While New Atheists love to argue that most scientists are atheists and this somehow shows that science and religion are incompatible, the survey results from the Pew Research Center tell us something else.
Consider the results:
Yes, scientists are less likely to be theists than the general public, but the simple fact remains that the majority of scientists are not atheists or agnostics. In fact, only 40% of scientists are atheists, a number too small to give significant support to the radical incompatibility claim.
But what of the fact that there are about 4 times as many atheists in science than there are in the general public? I suspect dynamics similar to those mentioned about the NAS are in play. To become a biologist or chemist, one first obtains a B.S. degree in biology or chemistry. From there, the person chooses to go to graduate school to pursue a career in research. Christian students, however, might be more likely to opt for career choices that involve more direct service to those around them. And an obvious choice would be the healing professions. So I did a quick Google search and lookie what I found:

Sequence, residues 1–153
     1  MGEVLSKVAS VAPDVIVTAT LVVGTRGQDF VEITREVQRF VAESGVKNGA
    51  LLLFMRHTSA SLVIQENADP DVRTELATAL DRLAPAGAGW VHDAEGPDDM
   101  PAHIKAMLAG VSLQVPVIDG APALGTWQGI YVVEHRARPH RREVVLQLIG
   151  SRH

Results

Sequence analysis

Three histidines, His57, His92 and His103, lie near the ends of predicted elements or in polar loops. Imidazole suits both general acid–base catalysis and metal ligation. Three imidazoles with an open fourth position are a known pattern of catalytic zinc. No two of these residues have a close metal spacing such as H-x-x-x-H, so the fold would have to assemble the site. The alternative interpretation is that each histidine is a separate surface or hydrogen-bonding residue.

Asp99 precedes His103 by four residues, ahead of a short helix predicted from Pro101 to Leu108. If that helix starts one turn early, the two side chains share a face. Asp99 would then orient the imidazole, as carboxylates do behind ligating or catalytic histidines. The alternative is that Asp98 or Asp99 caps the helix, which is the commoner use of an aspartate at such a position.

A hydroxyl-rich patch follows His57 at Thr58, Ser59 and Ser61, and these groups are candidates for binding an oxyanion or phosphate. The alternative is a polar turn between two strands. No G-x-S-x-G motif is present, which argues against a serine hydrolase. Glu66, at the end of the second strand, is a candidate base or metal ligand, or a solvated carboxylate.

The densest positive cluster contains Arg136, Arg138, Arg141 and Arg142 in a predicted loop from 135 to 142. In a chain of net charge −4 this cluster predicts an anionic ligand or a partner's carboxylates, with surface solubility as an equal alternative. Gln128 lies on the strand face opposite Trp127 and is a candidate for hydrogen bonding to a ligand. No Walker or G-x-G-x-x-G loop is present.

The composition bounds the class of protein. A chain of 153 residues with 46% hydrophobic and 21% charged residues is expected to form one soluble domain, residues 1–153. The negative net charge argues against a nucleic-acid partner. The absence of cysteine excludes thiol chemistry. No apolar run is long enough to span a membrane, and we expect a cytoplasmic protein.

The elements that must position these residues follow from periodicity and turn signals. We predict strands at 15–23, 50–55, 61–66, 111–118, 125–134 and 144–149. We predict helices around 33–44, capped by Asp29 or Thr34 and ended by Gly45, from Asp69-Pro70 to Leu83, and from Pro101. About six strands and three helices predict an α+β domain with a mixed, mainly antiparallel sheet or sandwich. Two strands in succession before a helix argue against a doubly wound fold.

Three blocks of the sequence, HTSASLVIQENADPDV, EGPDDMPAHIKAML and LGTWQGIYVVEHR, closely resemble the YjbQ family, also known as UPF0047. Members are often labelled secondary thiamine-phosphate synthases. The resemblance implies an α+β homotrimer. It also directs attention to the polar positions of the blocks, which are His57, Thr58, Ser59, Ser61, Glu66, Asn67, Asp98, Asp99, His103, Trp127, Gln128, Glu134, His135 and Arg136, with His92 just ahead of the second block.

The first study of physician religious beliefs has found that 76 percent of doctors believe in God and 59 percent believe in some sort of afterlife. The survey, performed by researchers at the University and published in the July issue of the Journal of General Internal Medicine, found that 90 percent of doctors in the United States attend religious services at least occasionally, compared to 81 percent of all adults. Fifty-five percent of doctors say their religious beliefs influence how they practice medicine.
These results were not anticipated. Religious belief tends to decrease as education and income levels increase, yet doctors are highly educated and, on average, well compensated. The finding also differs radically from 90 years of studies showing that only a minority of scientists (excluding physicians) believes in God or an afterlife.
“We did not think physicians were nearly this religious,” said study author Farr Curlin, Instructor in Medicine and a member of the MacLean Center for Clinical Medical Ethics at the University. “We suspect that people who combine an aptitude for science with an interest in religion and an affinity for public service are particularly attracted to medicine. The responsibility to care for those who are suffering and the rewards of helping those in need resonate throughout most religious traditions.”
Further support for this hypothesis comes from looking more closely at physicians:
The survey revealed considerable variation between different medical specialties. Doctors in family practice and pediatrics were far more likely to carry their religious belief into “all my other dealings” and to look to God for “support and guidance.” Psychiatrists and radiologists were the least likely.
For some strange reason, I have never heard the Gnu atheists acknowledge this aspect of reality.